He has never been a man to sing from the rooftops but, make no mistake, Paul Lawrie has left an indelible mark on Scottish golf.
The Aberdonian surprised everyone last week when he announced his 620th European Tour event, the Scottish Open at the Renaissance Club, would be his last on the main tour.
At the age of 51, the decades of dedication have taken their toll on Lawrie physically. The heart is willing, but Lawrie knows it is time to let the head make a decision.
In almost 20 years of my dealings with the man known on tour as Chippy, the aspects of his character which have always shone through are his work ethic and dedication to getting the best out of himself.
He would often talk of his hours spent hitting balls at the range and 500 shots a day would be his average. But today, by his own admission, he is lucky if he can get to 50 without needing to take a break.
That is why, after years of dealing with a niggling back, not to mention a well-documented struggle with a foot injury, he has had to admit defeat.
It is a measure of the man that he has kept at it for so long, but what undoubtedly has hurt him more than any physical ailment is the frustration at not being able to compete at the level he knows is required.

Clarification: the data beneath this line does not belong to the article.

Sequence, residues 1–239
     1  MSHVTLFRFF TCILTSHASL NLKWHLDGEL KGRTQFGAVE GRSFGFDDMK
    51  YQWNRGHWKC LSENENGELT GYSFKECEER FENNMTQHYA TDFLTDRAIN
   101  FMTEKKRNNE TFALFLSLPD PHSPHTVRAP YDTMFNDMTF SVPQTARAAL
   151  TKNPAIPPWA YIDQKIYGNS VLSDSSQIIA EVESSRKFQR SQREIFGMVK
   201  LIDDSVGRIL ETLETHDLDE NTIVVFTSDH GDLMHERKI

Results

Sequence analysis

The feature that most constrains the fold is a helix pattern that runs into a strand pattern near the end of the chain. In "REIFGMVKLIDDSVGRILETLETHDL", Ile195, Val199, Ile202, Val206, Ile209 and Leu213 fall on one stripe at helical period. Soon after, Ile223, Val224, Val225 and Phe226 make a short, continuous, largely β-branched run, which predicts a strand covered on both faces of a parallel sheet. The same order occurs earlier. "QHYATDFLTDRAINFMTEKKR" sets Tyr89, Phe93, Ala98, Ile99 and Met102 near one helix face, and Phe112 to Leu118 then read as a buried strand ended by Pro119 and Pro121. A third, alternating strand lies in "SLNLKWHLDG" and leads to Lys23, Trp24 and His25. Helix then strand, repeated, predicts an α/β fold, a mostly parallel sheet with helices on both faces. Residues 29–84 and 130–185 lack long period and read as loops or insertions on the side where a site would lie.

This is not about age, it’s about fitness and health, and, having come to the realisation deep down that he cannot be what he needs to be, Lawrie has clearly pondered: “What is the point?” Again, that’s the sort of guy he is. If he can’t compete the last thing he wants is to be just there.
But we should not mourn his decision to leave the European Tour. After all, it’s not as if he is going away.
A move to the Seniors Tour is now his focus and there is no reason why he cannot compete there. That’s why this should not be regarded as a eulogy of his career and anyone who believes Lawrie is about to disappear from the game is sorely mistaken.
The former Open champion and two-time Ryder Cup player still has so much to offer.
We’ve know that for years with his foundation having introduced thousands of youngsters in the north-east of Scotland to the game while his support to young professionals across the country has led to him setting up his own sports management agency and most recently creating his own golf tour in Scotland. You can add in his golf centre too for good measure as another project which will occupy his time.
Winning the Open at Carnoustie in 1999 was undoubtedly the highlight of Lawrie’s career, but it should not and will not define his contribution to the game.
When the time comes for Lawrie to reflect on what he has achieved, Carnoustie will be there as will his Ryder Cup appearances and his win at Gleneagles.
But do not be surprised if the foundation, sports agency and Tartan Pro Tour mean more.
That’s the Lawrie I know. The guy who is always willing to give up his time to help someone else.
Those who stand to gain the benefit of his wisdom will be all the better for it.